LESS and convenient file organization make things a lot easier. But I want managing a site’s design to be even easier and this is why I’m building a plugin called ‘Flawless Styles Compiler’ which will take CSS development for WordPress to a whole new level.

How To Send Users To Different Welcome Pages Based On User Level In S2Member

A very common requirement for membership sites is the ability to send a user that is logging in to a specific home page. With S2Member there are a couple of ways to accomplish this. I came across some solutions involving javascript, which I think is a bad idea for a number of reasons. I’ll share one method here that is relies on some server side magic instead. To implement this you’ll need to write a little bit of code and insert it in your plugin file, your theme’s functions.php or your s2hacks.php file.

The first clue to redirecting users after logging is the UI S2Member provides under ‘General Options’. There is a section called ‘Login Welcome Page’, which is what we’re after. Here S2Member gives you the option to select an existing page from a dropdown. We don’t want that option because it will be the generic welcome page for all user levels/roles. To send users to different pages based on their membership level, we can make use of the field below the drop down.

 Or, you may configure a Special Redirection URL, if you prefer. You’ll need to type in the full URL, starting with: 


A few Replacement Codes are also supported here.

It’s basically a text field that let’s you specify a url. The cool thing is that we can utilize dynamic variables in the url with replacement codes. The solution I’m using here involves using the %%current_user_role%% replacement code as a GET parameter in the url. What you get is a url that looks like

The words custom_welcome_page can be replaced with a wording of your choosing (make it unique though) and the %%current_user_role%% will be dynamically replaced with the membership level of the user that is signing in.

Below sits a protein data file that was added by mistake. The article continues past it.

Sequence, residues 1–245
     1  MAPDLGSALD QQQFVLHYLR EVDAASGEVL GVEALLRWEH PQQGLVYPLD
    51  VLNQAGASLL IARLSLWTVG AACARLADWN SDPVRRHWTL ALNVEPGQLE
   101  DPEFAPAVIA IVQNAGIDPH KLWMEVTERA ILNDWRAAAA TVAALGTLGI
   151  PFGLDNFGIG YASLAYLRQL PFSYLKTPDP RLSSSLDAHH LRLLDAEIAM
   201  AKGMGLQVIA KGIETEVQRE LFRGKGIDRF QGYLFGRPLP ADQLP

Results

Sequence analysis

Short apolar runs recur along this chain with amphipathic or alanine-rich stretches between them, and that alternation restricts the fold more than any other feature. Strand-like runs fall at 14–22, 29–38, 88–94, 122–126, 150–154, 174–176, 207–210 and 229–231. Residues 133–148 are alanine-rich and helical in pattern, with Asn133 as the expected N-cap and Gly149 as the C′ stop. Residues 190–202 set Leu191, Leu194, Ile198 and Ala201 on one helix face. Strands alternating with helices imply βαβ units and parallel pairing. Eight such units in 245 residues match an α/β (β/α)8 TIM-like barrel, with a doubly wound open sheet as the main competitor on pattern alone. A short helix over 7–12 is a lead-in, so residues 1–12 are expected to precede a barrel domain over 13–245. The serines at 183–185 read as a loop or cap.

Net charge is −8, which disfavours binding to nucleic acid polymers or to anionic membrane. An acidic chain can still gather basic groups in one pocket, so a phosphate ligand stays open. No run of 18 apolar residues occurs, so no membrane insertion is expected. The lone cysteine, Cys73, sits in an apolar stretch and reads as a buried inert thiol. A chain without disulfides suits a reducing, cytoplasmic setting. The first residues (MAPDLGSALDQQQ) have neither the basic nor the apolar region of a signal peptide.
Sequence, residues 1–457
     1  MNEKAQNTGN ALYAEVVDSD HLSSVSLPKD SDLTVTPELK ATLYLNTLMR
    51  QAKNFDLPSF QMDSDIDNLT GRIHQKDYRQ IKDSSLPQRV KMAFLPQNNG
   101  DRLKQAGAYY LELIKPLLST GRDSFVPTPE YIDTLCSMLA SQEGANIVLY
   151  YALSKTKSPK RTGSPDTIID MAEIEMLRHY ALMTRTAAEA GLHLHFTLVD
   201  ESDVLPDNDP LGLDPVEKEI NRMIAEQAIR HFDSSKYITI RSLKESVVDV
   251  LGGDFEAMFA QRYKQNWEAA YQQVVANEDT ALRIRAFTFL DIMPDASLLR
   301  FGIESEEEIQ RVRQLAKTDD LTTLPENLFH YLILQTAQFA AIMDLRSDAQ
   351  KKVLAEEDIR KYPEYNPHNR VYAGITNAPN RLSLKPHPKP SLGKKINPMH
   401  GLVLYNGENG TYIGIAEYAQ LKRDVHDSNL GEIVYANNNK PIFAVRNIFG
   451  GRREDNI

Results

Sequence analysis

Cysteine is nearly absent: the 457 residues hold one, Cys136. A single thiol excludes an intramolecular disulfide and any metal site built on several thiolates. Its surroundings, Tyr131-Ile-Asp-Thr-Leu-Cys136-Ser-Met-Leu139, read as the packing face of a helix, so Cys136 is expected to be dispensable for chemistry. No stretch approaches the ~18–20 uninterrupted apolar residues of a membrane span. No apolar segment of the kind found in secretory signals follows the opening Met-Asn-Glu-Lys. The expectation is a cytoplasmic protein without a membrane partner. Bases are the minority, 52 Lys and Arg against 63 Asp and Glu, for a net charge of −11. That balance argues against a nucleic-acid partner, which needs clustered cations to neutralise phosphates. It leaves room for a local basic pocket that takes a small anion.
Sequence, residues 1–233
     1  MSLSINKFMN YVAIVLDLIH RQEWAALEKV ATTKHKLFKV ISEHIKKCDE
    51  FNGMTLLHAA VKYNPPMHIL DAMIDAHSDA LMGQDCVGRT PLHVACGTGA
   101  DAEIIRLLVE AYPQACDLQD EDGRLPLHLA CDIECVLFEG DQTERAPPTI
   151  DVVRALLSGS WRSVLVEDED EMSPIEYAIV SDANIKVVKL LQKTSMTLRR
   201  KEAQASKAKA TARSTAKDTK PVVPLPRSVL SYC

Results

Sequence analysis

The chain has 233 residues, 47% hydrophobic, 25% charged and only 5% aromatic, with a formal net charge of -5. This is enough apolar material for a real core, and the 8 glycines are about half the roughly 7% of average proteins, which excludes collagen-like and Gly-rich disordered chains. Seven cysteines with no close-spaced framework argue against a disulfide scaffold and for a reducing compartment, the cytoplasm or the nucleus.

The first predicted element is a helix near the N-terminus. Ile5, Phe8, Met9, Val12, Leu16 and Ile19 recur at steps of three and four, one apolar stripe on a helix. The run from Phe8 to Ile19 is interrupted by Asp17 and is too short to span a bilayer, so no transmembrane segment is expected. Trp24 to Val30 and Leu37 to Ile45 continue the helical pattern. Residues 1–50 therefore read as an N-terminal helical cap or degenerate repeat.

For the next step, we are going to write the code that tells WordPress to interpret those parameters.

[php]function your_member_site_vars( $vars ){

$vars[] = “custom_welcome_page”;
return $vars;
add_filter( ‘query_vars’, ‘your_member_site_vars’ );[/php]

And now WordPress will interpret the parameter we’re using, we have to tell what to do when it is used next.


function my_login_redirect() {
if ( get_query_var( ‘custom_welcome_page’ ) ) {
$role = get_query_var( ‘custom_welcome_page’ );
// double check if user has that role
if( current_user_can( $role ) ){
wp_redirect( my_member_welcome_pages( $role ) );

add_action( ‘template_redirect’, ‘my_login_redirect’ );


What the above code does is listen to the parameter custom_welcome_page in the url, if it  is found then it will try to redirect the user. To determine the page, we write another function that takes the membership level of the user and returns the appropriate url.

[php]function my_member_welcome_pages( $role ){

// Set the welcome pages in the following array

$welcome_pages = array(
‘subscriber’ => ‘’,
‘s2member_level1’ => ‘’,
‘s2member_level2’ => ‘’

if( $welcome_pages[$role] ){
return $welcome_pages[$role];
} else {
return ‘’;

These functions are the basic functionality needed to create your own custom welcome page redirects for your members.

Would you like to have a plugin with a simple user interface that does this for you? Drop me a line.


Check WordPress User Role By ID